·        Mindfulness training. Mindfulness is the act of being intensely aware of what you're sensing and feeling at every moment, without interpretation or judgment. Research indicates that mindfulness can ease symptoms of IBS.

·        Acupuncture. Researchers have found that acupuncture may help improve symptoms for people with IBS.

·        Probiotics. Probiotics are "good" bacteria that normally live in your intestines and are found in certain foods, such as yogurt, and in dietary supplements. Recent studies suggest that certain probiotics may relieve IBS symptoms, such as abdominal pain, bloating and diarrhea.

·        Stress reduction. Yoga or meditation can help relieve stress. You can take classes or practice at home using books or videos.


Homoeopathy for IBS:

Every case calls for a detailed study of the patient individually. There are no disease-specific medicines in homeopathy. The exact treatment is determined only by "in-depth" evaluation of the individual case. Irritable Bowel Syndrome (IBS) can have a significant impact on individual's social, personal, and professional life. Homeopathy offers proven treatment for the IBS which treats the Mind and Body connections.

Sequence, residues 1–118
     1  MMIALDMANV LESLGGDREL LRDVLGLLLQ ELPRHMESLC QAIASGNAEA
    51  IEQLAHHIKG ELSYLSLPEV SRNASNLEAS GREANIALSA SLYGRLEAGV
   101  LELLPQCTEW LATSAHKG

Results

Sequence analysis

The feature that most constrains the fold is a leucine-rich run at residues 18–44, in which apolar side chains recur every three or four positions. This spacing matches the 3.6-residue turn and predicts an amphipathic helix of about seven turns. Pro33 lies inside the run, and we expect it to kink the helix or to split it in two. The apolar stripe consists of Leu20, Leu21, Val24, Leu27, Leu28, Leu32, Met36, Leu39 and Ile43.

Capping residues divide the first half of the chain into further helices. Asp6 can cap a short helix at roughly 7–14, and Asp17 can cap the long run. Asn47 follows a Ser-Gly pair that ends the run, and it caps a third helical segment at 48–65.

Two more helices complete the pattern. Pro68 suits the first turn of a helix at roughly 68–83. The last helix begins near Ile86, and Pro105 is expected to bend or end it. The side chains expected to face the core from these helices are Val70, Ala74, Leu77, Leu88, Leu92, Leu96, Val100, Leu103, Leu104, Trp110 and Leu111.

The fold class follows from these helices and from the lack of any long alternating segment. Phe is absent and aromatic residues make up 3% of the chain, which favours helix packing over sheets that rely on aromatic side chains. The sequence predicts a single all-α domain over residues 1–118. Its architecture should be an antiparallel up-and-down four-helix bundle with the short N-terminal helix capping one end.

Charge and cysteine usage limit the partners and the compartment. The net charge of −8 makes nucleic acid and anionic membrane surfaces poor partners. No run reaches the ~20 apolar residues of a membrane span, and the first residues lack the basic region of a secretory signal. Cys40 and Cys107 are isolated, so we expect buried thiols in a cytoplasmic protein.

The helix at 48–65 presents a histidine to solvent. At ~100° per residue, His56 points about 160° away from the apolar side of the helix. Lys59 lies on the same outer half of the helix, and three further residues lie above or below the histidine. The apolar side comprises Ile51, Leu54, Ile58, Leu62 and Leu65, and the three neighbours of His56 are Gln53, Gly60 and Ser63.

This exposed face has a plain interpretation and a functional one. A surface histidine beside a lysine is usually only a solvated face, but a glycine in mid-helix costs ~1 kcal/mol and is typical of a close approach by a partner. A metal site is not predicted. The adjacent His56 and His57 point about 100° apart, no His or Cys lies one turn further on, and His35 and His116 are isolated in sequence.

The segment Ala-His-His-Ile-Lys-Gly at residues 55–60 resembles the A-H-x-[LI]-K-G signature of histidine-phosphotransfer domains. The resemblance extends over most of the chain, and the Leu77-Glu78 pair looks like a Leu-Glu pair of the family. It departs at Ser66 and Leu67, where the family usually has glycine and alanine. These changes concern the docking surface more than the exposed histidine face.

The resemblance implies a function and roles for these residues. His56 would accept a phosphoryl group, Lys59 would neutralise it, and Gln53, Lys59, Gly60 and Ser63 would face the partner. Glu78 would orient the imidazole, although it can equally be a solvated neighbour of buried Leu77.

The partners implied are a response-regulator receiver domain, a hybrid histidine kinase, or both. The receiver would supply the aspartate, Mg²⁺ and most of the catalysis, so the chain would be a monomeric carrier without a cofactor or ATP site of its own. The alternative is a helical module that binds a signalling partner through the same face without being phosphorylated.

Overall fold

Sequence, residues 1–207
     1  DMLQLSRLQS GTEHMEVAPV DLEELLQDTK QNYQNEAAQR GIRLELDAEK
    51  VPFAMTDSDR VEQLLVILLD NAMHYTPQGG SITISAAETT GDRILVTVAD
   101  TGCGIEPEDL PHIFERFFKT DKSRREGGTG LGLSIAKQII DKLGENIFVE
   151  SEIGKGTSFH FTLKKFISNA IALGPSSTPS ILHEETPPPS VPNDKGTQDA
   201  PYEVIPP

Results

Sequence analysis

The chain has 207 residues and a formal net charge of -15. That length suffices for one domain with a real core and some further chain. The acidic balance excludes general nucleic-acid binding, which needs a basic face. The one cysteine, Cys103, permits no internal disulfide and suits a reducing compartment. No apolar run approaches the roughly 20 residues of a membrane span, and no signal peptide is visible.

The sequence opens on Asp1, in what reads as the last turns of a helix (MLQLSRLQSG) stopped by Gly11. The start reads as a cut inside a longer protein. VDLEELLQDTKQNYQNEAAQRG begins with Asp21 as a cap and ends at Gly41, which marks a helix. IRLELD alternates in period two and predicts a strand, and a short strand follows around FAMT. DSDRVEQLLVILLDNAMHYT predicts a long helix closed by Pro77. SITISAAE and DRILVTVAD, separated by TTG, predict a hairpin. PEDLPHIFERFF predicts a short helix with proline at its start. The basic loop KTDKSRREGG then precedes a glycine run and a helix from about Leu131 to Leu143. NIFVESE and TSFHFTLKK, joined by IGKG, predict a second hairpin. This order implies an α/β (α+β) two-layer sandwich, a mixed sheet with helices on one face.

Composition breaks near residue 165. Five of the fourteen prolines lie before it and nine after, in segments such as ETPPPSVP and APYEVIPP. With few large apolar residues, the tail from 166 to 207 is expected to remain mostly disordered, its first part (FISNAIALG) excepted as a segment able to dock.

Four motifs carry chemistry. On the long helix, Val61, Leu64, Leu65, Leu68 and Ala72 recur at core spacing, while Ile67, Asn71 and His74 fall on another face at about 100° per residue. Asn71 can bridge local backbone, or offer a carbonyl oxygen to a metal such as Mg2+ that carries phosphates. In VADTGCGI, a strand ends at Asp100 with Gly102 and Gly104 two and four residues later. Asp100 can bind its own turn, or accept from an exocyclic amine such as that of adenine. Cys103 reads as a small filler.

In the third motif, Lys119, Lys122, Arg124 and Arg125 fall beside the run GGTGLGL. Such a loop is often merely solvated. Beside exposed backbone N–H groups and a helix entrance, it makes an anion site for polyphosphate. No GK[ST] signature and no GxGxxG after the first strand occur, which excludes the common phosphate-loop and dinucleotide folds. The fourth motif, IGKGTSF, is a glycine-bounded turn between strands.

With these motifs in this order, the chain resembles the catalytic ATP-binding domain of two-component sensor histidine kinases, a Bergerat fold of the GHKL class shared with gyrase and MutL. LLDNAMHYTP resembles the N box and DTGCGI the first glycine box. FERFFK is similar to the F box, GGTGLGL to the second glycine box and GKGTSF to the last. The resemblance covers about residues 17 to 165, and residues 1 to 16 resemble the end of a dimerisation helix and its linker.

Homeopathic treatment helps achieve:

·        Soothing of mind

·        Slowing down of negative emotions such as anxiety, sadness, frustration, hyperactivity, anger, restlessness, etc.

·        Helping body's stress coping system

·        Alleviating the abnormal hypersensitivity of the bowels

·        Relieving the symptoms of bowel hypermotility

·        Enhancing level of joyous state of mind

·        Individualistic approach whereby every patient is treated based on one's case


Duration of treatment:

Most patients report improvement in about eight to ten weeks. The duration of Homeopathy treatment varies from person to person and depends upon the duration of disease, previous use of conventional medicines, the general condition of a patient, etc.